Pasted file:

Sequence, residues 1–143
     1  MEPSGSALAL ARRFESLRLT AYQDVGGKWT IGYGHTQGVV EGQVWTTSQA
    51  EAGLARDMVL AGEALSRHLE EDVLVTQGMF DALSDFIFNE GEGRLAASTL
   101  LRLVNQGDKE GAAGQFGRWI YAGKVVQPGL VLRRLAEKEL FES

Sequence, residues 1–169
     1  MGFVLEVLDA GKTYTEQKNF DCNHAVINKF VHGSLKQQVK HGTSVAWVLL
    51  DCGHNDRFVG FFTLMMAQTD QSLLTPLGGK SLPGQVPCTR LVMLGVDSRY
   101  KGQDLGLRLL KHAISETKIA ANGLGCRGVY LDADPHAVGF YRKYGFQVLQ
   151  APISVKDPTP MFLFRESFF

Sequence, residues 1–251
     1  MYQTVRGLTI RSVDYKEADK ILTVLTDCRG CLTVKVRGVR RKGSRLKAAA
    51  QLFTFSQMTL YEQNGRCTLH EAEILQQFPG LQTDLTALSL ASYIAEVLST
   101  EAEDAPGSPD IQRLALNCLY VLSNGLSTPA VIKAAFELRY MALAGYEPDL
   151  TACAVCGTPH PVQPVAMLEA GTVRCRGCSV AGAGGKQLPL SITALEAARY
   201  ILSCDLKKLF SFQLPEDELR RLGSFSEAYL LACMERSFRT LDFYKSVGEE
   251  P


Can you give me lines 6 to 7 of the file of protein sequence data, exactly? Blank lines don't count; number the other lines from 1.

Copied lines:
     1  MGFVLEVLDA GKTYTEQKNF DCNHAVINKF VHGSLKQQVK HGTSVAWVLL
    51  DCGHNDRFVG FFTLMMAQTD QSLLTPLGGK SLPGQVPCTR LVMLGVDSRY